Take the fear out of writing

Award-winning novelist R.L. Stine wrote jokes and funny stories for 20 years before he switched gears and became a horror-writing legend. Since then, the author of the Goosebumps and Fear Street series has sold more than 400 million copies. In his first-ever online writing class, Bob takes the fear out of crafting fiction. Whether you’re a beginner or a pro, you’ll learn new ways to conquer writer’s block, develop plots, and build nail-biting suspense that will thrill young readers.


Students give MasterClass an average rating of 4.7 out of 5 stars.

Where's the drama and suffering of a writer's life? What's all this talk about outlines and fun? Blasphemy! He even gives you ideas! He ruined all my excuses for not having actually written anything yet.

The class has helped clarify my ideas about writing and has presented me with many excellent ideas to improve as a writer. R.L. Stine's MasterClass is one of the best writing classes I've ever taken and I highly recommend it to anyone looking for a class not only on how to write middle grade to YA horror, but also for those who are searching for a class on how to write fantastic fiction.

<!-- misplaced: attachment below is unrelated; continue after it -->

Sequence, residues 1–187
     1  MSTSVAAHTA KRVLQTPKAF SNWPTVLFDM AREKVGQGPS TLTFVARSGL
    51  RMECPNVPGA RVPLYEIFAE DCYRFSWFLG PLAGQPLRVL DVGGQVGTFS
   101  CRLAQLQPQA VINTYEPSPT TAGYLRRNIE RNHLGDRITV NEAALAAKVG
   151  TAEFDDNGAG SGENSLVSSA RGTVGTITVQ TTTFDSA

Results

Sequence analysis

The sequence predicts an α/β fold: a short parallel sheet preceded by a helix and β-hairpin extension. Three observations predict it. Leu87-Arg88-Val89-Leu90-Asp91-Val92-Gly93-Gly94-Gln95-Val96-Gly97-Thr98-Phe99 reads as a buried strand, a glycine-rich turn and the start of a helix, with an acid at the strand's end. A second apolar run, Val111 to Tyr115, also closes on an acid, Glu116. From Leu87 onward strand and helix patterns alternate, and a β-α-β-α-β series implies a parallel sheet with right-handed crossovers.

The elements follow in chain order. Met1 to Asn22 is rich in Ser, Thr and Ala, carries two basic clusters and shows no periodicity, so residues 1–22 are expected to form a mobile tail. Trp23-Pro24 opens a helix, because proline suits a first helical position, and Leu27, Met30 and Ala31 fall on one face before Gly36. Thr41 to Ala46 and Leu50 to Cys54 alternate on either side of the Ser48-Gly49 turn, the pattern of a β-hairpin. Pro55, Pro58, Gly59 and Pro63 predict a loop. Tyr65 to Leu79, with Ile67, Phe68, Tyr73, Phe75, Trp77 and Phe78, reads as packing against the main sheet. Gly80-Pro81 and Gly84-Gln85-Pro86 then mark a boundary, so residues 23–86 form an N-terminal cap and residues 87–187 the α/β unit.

RL Stine is an unassuming genius. I love his relaxed style of working and his generous attitude. He lays it all out in comprehensive detail for his students.

This class had some great tips and ideas that have me excited to start writing again.


Sani H.

Some great ideas for the story, but I wonder if some tips in structuring the outline are still to come...


I decided to try this approach and so far it's helping with character developments. :)

Megan K.

R.L. Stine is so fun to listen to, you can tell he has such a good sense of humor and I can't wait to use his advice!

Breck S.

I think Don Bluth said it best "Children can handle anything, as long as there is a happy ending" and this lesson seems to teach that

A fellow student

I love the way this guy talks about his methods. Very down to earth and he give great examples and excellent reasoning for his choices.

Hadi P.

Mr. Stine taught me that sometimes people were interested in stories with happy ending than a sad ending

Jacob R.